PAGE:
COLLEGE STATION — The latest strategies in managing problem weeds in corn and cotton were recently showcased at the 2014 Crop Tour at the Texas A&M University field laboratory near College Station that serves as a research and teaching platform for Texas A&M AgriLife.
The event was sponsored by BASF Corp. and the Texas A&M AgriLife Extension Service. More than 100 area producers, consultants and industry partners attended the field day.
“The purpose of this field day is to help bring awareness to distributors and growers, and encourage them to pay close attention to what their weed control issues might be,” said Matt Matocha, AgriLife Extension program specialist-weed science, College Station. “Whether it be large-seeded broadleaves, small-seeded broadleaves or annual or perennial grasses, be aware of what you have and take time to ask questions with consultants and AgriLifeExtension personnel to aid in developing the best approach in combating problem weeds with special emphasis on combating resistant weeds.”
Matocha and Adam Hixson, BASF technical services representative, Lubbock, teamed up to present “Corn Herbicides Overlapping Residual Programs for Weed Resistance,” part of six rotating tour stops during the half-day event.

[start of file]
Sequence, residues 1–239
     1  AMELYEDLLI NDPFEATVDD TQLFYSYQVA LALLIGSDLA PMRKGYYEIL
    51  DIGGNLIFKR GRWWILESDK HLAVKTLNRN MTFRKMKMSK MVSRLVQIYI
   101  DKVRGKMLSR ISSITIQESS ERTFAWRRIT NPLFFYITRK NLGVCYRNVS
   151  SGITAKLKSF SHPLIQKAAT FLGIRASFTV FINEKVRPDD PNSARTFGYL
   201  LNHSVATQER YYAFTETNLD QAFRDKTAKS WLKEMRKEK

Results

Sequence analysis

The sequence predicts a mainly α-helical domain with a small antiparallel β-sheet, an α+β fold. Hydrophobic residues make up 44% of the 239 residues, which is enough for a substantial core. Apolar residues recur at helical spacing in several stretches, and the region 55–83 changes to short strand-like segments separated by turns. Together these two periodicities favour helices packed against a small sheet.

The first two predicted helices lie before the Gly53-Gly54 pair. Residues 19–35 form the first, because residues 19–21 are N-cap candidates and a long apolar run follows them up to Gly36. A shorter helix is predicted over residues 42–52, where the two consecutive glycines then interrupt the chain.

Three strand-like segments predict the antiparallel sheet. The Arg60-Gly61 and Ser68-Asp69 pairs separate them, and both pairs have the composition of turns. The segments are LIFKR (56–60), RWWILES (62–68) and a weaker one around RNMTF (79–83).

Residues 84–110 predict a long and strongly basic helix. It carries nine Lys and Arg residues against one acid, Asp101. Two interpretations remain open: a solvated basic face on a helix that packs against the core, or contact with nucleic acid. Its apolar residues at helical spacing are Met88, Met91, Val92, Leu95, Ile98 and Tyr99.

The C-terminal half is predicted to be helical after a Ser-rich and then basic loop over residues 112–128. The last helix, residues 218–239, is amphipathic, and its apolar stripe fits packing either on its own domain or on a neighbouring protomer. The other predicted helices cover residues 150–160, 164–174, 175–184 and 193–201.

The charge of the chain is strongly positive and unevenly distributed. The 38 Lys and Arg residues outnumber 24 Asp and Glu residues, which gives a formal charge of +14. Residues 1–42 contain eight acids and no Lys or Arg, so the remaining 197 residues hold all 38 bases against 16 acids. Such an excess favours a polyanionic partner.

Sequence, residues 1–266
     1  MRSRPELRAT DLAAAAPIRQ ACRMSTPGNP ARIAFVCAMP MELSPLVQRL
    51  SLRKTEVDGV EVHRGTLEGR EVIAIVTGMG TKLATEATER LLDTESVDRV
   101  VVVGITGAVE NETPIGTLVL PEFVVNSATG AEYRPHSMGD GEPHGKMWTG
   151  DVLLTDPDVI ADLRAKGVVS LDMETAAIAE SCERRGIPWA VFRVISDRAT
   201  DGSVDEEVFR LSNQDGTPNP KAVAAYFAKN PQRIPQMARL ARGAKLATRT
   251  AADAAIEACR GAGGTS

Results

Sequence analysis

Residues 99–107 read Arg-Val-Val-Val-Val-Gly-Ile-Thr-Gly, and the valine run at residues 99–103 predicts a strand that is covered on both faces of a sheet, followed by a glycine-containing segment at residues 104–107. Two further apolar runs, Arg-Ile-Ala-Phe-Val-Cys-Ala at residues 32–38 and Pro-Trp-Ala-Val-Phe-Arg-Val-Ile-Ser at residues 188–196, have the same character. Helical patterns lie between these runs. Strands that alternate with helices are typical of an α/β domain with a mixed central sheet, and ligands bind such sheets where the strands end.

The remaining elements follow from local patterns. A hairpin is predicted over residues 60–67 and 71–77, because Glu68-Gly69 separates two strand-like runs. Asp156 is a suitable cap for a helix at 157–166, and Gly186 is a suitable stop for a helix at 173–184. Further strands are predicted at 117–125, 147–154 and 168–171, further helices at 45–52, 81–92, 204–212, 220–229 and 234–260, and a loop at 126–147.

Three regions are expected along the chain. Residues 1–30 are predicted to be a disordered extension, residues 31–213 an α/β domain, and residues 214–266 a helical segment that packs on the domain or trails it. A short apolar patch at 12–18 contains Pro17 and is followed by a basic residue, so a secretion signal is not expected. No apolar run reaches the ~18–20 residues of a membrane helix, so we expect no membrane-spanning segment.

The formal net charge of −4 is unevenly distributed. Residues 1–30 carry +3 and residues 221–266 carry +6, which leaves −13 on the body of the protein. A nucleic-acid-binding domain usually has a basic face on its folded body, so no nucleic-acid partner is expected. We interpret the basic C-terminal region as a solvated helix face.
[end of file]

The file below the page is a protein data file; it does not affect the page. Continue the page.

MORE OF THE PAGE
Hixson said producers need to have a good understanding of the weeds they are encountering in their crops.
“The most important thing for a producer to know about their weed control program is what weeds they are dealing with,” he said.
“For example, are they dealing with grasses, waterhemp, pigweed, Palmer amaranth, or tough to control large-seeded species such as morning glory? Waterhemps and pigweeds, especially Palmer amaranth, have been found and confirmed to have resistance to glyphosate - Roundup, etc. - in several locations in Texas. Therefore, it is imperative that growers employ aggressive measures now in order to successfully manage these resistant weeds. “